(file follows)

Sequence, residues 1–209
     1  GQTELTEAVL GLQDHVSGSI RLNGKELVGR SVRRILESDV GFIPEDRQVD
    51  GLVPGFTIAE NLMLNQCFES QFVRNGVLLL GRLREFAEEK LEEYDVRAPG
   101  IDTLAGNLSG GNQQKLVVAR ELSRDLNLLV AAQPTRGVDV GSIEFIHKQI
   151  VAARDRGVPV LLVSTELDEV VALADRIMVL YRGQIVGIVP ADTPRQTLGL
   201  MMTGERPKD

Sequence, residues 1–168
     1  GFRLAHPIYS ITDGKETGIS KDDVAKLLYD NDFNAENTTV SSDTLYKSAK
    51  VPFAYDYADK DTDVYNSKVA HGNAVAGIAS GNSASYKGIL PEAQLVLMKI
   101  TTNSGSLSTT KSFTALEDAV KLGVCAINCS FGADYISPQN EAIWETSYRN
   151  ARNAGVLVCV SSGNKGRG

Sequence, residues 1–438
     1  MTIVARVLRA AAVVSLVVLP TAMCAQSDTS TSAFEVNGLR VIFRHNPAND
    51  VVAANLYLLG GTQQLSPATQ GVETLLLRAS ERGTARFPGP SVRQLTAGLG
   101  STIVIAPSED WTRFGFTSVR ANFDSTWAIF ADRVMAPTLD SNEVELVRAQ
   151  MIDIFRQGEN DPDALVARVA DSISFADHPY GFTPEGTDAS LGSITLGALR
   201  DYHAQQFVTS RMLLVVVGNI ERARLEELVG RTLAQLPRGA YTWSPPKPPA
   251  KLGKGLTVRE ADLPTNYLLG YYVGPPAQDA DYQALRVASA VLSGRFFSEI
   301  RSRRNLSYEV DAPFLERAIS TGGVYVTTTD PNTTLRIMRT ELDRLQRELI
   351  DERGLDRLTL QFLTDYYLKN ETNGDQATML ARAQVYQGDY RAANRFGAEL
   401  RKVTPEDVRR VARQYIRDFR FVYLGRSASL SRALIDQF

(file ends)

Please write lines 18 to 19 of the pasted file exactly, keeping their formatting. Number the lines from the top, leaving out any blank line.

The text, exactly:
   251  KLGKGLTVRE ADLPTNYLLG YYVGPPAQDA DYQALRVASA VLSGRFFSEI
   301  RSRRNLSYEV DAPFLERAIS TGGVYVTTTD PNTTLRIMRT ELDRLQRELI